Jiddu Krishnamurti said, “It is no measure of health to be well-adjusted to a profoundly sick society.”
I thought of this while reading Jared Diamond’s new book, The World Until Yesterday: What Can We Learn From Traditional Societies?
Jared Diamond has been traveling to New Guinea since 1964 to study birds, and as a result has learned a lot about the ways people of traditional societies think. Drawing on his own experience and that of anthropologists working all around the planet, Diamond compares these societies to modern industrialized states. Diamond identifies things that we in the Western world could learn from traditional peoples, and he also delineates ways in which life is better in our advanced societies (mostly issues of safety and violence). Perhaps his main message is that we should think of cultural diversity as thousands of experiments by human beings to meet the common challenges of life: child rearing, old age, conflict resolution, war, dealing with dangers, and staying healthy.
What made me think of Krishnamurti’s quote was this passage:
A recurring theme is that the other Westerners and I are struck by the emotional security, self-confidence, curiosity, and autonomy of members of small-scale societies, not only as adults but already as children…The Westerners who have lived with hunter-gatherers and other small-scale societies speculate that these admirable qualities develop because of the way in which their children are brought up: namely, with constant security and stimulation as a result of the long nursing period, sleeping near parents for several years, far more social models available to children through allo-parenting [caretaking by other members of the group], far more social stimulation through constant physical contact and proximity of caretakers, instant caretaker responses to a child’s crying, and the minimal amount of physical punishment.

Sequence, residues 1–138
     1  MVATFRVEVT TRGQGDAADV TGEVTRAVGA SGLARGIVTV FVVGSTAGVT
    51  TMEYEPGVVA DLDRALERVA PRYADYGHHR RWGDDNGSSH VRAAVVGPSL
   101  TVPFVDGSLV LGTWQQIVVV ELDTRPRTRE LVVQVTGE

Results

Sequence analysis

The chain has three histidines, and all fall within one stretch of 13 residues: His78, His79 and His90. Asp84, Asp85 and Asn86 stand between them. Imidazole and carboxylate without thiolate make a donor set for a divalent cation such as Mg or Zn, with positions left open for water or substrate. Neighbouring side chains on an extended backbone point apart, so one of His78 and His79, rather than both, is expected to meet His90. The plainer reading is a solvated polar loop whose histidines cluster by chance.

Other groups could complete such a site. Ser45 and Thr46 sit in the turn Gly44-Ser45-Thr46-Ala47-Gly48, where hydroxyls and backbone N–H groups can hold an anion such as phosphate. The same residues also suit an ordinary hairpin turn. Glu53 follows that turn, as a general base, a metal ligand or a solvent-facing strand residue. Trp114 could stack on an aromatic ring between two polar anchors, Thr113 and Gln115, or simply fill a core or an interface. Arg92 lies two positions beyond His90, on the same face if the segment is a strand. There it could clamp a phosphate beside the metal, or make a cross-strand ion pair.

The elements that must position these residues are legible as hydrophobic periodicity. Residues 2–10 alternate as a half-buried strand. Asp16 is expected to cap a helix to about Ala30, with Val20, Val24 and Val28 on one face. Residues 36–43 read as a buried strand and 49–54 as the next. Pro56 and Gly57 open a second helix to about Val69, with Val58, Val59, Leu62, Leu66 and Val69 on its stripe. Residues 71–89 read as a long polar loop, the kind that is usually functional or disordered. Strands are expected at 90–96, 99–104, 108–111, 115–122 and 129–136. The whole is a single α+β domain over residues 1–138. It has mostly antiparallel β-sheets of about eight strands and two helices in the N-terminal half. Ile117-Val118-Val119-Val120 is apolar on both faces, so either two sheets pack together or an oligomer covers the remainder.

As Diamond points out, basically all psychological studies have been done with members of what he calls WEIRD societies—western, educated, industrial, rich, democratic—and with privileged members of those societies (college students). This does make you wonder whether many of the theories of psychological development are really only relevant to WEIRD cultures.
In addition, it makes you think that maybe the reason why so many Westerners are neurotic, insecure, depressed, anxious, etc. is not because there is something wrong with them. Perhaps their inability to find mental health is caused by living in a profoundly sick culture that deprives its citizens of some of the most basic human needs, like security, social interaction, and stimulation.
Diamond mentions some children of missionaries who were raised in the traditional societies, then were sent to a WEIRD country for schooling, and how difficult a time they had. One girl talked about how she had loved the freedom of being able to run into any home in the New Guinean village, and eat with any family on any particular day, and what a shock it was to learn that this was not normal behavior in the West. Diamond writes,
The children tell me that their biggest adjustment problem is to deal with and adopt the West’s selfish individualistic ways, and to shed the emphasis on cooperation and sharing that they have learned among New Guinea children. They describe being ashamed of themselves if they play competitive games in order to win, or if they try to excel in school, or if they seek an advantage or opportunity that their comrades don’t achieve.
One of these children of missionaries, Sabine Kuegler, wrote a book about her experiences in New Guinea, Child of the Jungle: The True Story of a Girl Caught Between Two Worlds. I haven’t read it (yet), but Diamond recommends it as an excellent account of the culture shock that is experienced when someone moves from a traditional society to the WEIRD world. There may be more physical comforts in the WEIRD world, but there is more psychological and emotional health in the traditional world.
Maybe we could learn something from them before it’s too late.